TEMA: Uses of Hap, Unhap, and Fortune

“Two Unhappy Knights and Lady Fortune: What Boethius Meant to Malory”
Leigh Smith
earned PhD from UH in 1999
Associate Professor
East Stroudsburg University, Pennsylvania

Malory scholarship generally covers:

  • authorship
  • structural unity
  • mss choice
  • translation v originality
  • criticism
    • –characterization
    • –political and religious concerns
    • –few investigate philosophical—some critics assume no philosophical basis

most obvious source for a writer in prison = Boethius

book on prison writers (medieval) doesn’t include/cover Malory in connection with Boethius

Thomas Wright argues on OF source for “Sir Gareth” seems to regard that as a link to Malory’s Gareth, which he calls Boethian
“fortune is so….”

Consolation of Philosophy was often imitated at the time.
Strange if a knight prisoner did not find Boethius useful—fortune, hap, and unhap.

along with adj happy
evocative word in ME, usually means luck or chance

signifies unhappy fortune
contemporary readers must resist temptation to equate happy with joyful

fortune and hap recur constantly in Malory’s works
Cato’s concordance helped me chase them down

in Winchester Mss variations = 144 (hap related)
fortune =
total = 217

honor, dishonor =96
virtue = 26 x

How does Malory use them?
What hap means to Malory is germane to why Malory believes things happen…
Is it a circle of destiny? Providence guiding knowing and unknowing? Treachery?

Text contains support for all different choices of fortune.
Much that looks like destiny to some can also be providence.
Lancelot’s assoc w Guinevere, helps Mordred’s treachery along

in a dissertation Barbara Everhart says Malory has complexity
Lancelot “everyone that uses paramours shall be unhappy”
but Everhart does not always separate Malory’s views w views of his characters’

Gawain, who blames himself for this unhappy war, “it there misfortun’d me”
author may not be inconsistent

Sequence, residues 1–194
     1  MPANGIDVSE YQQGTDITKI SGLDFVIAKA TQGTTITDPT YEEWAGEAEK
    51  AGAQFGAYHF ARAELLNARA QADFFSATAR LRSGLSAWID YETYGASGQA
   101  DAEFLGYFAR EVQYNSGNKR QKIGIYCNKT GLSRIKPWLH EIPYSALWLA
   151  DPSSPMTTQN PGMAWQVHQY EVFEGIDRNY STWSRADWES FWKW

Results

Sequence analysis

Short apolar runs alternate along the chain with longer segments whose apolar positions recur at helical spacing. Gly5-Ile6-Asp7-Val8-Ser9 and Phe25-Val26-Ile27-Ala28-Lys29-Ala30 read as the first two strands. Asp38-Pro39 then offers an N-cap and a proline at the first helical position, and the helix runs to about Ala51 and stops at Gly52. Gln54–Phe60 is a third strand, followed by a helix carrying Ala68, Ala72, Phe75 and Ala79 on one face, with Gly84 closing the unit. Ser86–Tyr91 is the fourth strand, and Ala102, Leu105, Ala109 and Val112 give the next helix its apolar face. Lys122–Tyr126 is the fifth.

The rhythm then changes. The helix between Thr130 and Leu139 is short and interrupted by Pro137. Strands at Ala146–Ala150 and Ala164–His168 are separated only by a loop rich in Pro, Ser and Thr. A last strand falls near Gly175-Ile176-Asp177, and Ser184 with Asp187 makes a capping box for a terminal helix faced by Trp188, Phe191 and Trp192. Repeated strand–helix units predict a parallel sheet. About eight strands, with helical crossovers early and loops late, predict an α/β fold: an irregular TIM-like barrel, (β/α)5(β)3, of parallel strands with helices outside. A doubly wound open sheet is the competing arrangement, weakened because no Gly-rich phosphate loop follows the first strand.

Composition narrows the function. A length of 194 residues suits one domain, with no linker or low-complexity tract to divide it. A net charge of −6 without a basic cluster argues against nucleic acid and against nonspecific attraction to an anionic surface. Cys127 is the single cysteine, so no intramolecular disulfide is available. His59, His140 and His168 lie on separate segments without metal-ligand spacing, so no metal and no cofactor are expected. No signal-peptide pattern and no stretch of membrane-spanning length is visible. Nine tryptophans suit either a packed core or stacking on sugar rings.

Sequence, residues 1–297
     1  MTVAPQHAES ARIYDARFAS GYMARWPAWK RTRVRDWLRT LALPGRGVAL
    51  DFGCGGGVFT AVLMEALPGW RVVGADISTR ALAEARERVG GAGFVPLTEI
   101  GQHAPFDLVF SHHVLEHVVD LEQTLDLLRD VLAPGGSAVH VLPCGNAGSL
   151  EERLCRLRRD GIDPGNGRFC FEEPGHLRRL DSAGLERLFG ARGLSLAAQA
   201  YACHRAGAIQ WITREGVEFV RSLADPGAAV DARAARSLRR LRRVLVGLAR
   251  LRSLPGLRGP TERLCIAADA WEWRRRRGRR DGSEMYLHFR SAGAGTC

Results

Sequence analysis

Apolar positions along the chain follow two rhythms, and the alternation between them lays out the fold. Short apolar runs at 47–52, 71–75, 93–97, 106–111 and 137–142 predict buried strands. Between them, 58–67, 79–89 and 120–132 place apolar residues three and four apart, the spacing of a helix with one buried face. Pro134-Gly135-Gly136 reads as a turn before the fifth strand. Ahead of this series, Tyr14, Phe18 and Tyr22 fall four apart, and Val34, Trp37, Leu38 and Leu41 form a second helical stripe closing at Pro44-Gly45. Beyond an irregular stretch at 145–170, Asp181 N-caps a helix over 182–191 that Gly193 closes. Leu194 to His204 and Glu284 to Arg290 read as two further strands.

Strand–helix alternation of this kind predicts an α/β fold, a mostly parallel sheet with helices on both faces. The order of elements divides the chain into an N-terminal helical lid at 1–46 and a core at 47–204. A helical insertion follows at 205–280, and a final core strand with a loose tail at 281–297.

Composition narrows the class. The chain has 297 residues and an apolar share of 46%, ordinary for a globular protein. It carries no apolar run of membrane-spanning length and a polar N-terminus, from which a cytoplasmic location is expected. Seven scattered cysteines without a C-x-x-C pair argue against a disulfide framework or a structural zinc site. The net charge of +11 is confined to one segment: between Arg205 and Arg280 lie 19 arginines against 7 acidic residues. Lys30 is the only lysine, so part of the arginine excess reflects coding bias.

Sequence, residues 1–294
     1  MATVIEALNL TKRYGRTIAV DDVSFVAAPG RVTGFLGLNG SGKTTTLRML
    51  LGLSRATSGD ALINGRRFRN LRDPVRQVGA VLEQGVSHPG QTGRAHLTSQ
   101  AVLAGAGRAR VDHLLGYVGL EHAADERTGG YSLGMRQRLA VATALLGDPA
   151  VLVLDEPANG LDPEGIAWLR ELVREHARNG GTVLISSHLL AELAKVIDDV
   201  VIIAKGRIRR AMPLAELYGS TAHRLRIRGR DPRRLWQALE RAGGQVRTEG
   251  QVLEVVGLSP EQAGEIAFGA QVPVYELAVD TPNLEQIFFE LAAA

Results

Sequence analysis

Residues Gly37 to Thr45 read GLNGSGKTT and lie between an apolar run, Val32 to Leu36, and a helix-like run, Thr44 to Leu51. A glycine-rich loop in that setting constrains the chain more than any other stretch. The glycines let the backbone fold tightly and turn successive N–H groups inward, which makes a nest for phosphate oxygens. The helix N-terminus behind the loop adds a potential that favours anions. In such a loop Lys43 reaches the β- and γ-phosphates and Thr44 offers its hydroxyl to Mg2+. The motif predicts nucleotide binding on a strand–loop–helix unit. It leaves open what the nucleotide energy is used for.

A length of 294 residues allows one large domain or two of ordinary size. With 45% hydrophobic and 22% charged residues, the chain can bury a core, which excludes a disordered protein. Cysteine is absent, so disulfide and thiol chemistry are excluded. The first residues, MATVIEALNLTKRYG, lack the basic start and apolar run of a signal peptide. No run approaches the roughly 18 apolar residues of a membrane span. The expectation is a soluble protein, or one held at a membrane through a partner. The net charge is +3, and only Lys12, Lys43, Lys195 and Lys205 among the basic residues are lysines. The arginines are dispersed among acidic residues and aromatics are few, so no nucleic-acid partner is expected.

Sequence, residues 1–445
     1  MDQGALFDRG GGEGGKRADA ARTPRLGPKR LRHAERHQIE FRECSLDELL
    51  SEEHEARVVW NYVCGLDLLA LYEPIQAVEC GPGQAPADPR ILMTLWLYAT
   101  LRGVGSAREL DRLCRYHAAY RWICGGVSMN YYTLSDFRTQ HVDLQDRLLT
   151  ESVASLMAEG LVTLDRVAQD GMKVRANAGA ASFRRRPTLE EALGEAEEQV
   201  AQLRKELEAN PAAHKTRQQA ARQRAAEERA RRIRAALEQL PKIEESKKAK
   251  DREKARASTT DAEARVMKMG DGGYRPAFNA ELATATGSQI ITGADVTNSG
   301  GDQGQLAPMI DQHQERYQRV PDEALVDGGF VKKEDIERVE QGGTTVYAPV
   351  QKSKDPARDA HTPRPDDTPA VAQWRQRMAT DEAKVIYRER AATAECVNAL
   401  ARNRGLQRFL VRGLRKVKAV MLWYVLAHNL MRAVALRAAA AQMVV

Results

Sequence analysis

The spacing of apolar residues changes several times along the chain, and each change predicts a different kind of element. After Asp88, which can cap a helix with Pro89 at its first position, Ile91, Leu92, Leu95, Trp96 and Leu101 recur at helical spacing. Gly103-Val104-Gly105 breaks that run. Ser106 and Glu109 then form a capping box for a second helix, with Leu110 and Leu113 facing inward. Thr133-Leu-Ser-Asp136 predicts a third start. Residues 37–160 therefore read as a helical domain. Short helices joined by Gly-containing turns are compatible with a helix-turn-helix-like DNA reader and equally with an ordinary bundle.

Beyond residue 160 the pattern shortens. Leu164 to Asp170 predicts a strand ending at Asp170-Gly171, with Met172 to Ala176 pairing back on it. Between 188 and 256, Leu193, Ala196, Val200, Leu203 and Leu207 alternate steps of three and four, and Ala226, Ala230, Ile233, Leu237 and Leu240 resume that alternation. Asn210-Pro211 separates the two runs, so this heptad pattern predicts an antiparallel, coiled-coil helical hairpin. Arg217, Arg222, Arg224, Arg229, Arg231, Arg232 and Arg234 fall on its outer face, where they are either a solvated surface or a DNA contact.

sometimes his views are supported by his characters

unites destiny and characterization and maybe providence
destiny and fortune work through people
Mordred’s manipulation of people should make people blush with shame, says Malory
despite Malory’s many years in politics he confesses himself amazed at evil men trying to do evil to others

fortune has nothing to do with goodness.
Philosophy presents this as a good reason not to value fortune’s favorite.

Fortune is often apparent success as wicked men.

As Philosophy and Boethius agree, then wicked men are unhappy because all men desire good.
This is a literal translation of the Latin, not the English word.

“anger and unhap” started by “two unhappy knights” in the sense of being unlucky both in themselves and for others
They also have free will, but the outcome of their conspiracy is unfortunate for all concerned, including them.
They succeed in surrounding the bed chamber. But they also succeed in getting most folks killed.
Mordred succeeds in driving a wedge between Arthur and Lancelot but does not succeed at his goal of being the king.
“It misfortun’d Lancelot’s killing of Gawain’s brothers…”

Arthur is counciled to stay away from Mordred because he is unhappy (unlucky, full of misfortune).

Hap, however, meaning Boethian fortune, seems to be a necessary part of all other explanations.
Hap has nothing whatsoever to do with goodness.

You think it would be hard for Malory not to have known about Boethius’ philosophical schema? Do you imagine Malory could read Latin? Or was it translation? Or just the kind of idea, folk philosophy?

That is always the question.
Lancelot refers to Fortune’s wheel, but not requirement that Malory read Boethius. But there were a lot of French translations. Lots of knight prisoners too.
Don’t know if I can make a comparison between Consolation and other works, there were quite a few vernacular translations.

What non-textual ways of knowing Boethius and the wheel of fortune could Malory have had?
churches with wall paintings of the wheel of fortune
Cathedral at Rochester has a painting
You would have to know what it came from, even if you hadn’t known it.
So is it in the popular culture? Yes, it is.
Arthur has the vision of being strapped to the wheel. That was matched in a few of Malory’s sources.
John Borman picks that up in Excalibur. the music score
uses the theme when Arthur is going up and down wheel of fortune

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